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In a homework problem, I was asked to show that if $R=\mathbb{Z}_6$ and $S=\lbrace 2,4 \rbrace$, then $S^{-1}R\cong\mathbb{Z}_3$.

I was able to determine which fractions are equivalent and used that fact to develop the following function $f:\mathbb{Z}_3\to S^{-1}R$, which I believe is an isomorphism: \begin{align*} f(0) &= 0/2 = 0/4 \\ f(1) &= 2/2 = 1/4 \\ f(2) &= 1/2 = 2/4 \end{align*}

However, this manual rule of assignment is kind of awkward to work with - I'm not even sure what is required to show that $f$ is a ring isomorphism.

1) If this "manual" rule of assignment is really the best way to go, what do I need to do to show that it is an isomorphism?

2) If this is not the best way to go about showing that $S^{-1}R\cong\mathbb{Z}_3$, what is? I'd prefer a hint to an outright answer.

3) I know that when $S'$ is the set of all nonzero elements of $R'$ which are not zero divisors, then there is a universal property for $S'^{-1}R'$ which dictates the existence of a homomorphism into commutative unital rings (under certain conditions). Is there a general way to create homomorphism, or even better, determine a "familiar" ring to which a ring of quotients is isomorphic, if the $S'^{-1}R'$ is not the complete ring of quotients?

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In this answer I show that the map $R \to S^{-1}R, r \mapsto \frac{r}{1}$ is always surjective for a finite ring $R$, hence you can compute $S^{-1}R$ by computing the kernel. In your case, you can just go through all six elements and check whether they are mapped to zero. You are correct that the answer is $\mathbb Z_3$.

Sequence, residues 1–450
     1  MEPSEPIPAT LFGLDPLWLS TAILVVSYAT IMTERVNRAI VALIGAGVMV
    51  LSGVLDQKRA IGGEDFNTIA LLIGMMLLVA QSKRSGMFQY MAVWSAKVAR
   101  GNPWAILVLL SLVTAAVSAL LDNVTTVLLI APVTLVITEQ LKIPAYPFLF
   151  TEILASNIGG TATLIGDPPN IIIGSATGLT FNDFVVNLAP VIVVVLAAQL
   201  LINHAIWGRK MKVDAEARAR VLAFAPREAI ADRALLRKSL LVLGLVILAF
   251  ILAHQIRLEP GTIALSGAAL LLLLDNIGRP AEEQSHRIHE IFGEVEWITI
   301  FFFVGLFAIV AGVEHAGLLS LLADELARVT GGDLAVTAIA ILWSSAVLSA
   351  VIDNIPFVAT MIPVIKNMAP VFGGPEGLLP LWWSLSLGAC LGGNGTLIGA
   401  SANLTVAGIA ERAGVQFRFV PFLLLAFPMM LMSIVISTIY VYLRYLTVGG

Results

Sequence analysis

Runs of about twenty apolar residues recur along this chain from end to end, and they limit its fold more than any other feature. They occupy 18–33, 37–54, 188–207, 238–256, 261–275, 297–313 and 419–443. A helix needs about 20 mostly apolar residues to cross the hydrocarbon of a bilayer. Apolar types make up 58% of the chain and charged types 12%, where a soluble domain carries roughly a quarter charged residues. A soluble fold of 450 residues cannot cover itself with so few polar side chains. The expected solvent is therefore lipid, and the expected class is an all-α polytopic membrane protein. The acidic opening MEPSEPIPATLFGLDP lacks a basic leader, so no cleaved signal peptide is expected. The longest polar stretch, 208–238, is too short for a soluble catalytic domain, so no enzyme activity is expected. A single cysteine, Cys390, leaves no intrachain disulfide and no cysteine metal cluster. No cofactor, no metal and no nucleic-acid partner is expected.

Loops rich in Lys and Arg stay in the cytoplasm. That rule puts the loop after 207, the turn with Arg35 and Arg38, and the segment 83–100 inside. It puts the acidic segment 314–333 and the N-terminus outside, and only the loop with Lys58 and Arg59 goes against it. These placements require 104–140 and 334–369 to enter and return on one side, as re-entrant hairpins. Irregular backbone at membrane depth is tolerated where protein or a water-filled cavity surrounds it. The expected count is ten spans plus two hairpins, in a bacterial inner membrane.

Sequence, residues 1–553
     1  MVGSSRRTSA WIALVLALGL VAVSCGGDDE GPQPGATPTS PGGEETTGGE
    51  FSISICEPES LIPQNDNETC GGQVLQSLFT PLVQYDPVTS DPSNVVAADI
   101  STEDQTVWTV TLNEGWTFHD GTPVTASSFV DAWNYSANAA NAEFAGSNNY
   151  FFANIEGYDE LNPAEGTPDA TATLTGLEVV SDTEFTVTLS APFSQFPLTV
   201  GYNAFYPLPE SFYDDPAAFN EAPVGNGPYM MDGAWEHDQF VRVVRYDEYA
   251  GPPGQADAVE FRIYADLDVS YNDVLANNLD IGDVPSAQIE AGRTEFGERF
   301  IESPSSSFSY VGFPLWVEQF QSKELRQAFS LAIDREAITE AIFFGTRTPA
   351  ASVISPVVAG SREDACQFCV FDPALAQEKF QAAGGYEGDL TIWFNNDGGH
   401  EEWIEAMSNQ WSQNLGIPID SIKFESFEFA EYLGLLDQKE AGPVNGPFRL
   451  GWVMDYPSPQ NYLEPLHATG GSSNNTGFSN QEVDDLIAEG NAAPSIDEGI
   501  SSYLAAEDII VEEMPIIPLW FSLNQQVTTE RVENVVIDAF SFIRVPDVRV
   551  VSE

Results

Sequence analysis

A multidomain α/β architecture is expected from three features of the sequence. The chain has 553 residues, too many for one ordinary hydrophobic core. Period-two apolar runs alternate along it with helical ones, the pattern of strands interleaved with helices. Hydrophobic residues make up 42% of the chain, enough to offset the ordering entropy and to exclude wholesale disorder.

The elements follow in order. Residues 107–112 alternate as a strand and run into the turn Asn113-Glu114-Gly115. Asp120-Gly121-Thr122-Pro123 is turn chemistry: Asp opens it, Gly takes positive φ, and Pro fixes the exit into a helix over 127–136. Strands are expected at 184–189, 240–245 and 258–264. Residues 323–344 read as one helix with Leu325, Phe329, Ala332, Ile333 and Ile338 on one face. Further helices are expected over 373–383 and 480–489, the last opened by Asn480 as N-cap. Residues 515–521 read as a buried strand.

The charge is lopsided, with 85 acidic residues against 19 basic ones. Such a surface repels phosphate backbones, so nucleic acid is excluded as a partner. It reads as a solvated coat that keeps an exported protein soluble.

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  • $\begingroup$ Unfortunately, I'm not sure that map helps in this case, as $R=\mathbb{Z}_6$, so the mapping you mention is not a map between the right rings and thus fails to be injective (As $R$ is not isomorphic to $S^{-1}R$) $\endgroup$ – MightyTyGuy Dec 7 '16 at 8:04
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    $\begingroup$ You have not understood, what I was saying: You have a surjective map $R \to S^{-1}R$, hence you have $S^{-1}R \cong R/I$, where $I$ is the kernel. So you just have to compute $I$, which is a gimme in this case. $\endgroup$ – MooS Dec 7 '16 at 8:26
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Hint: Use the Chinese Remainder Theorem. What happens if you localize $\mathbb{Z}/2\mathbb{Z}$ and $\mathbb{Z}/3\mathbb{Z}$ at $S$?

Full solution:

By the Chinese Remainder Theorem, we have $\mathbb{Z}/6 \mathbb{Z} \cong \mathbb{Z}/2\mathbb{Z} \times \mathbb{Z}/3\mathbb{Z}$. Since $2 = 0$ in $\mathbb{Z}/2\mathbb{Z}$, localizing at $S$ produces the zero ring, and since $2$ is already a unit in $\mathbb{Z}/3\mathbb{Z}$, then localizing at $S$ leaves it unchanged. Thus $$S^{-1}(\mathbb{Z}/6 \mathbb{Z}) \cong S^{-1}(\mathbb{Z}/2\mathbb{Z}) \times S^{-1}(\mathbb{Z}/3\mathbb{Z}) \cong 0 \times \mathbb{Z}/3\mathbb{Z} \cong \mathbb{Z}/3\mathbb{Z} \, .$$

$$ %(a,b) \mapsto -2b + 3a \qquad (0,1) \mapsto -2 = 4 \qquad (0,2) \mapsto -4 = 2 $$

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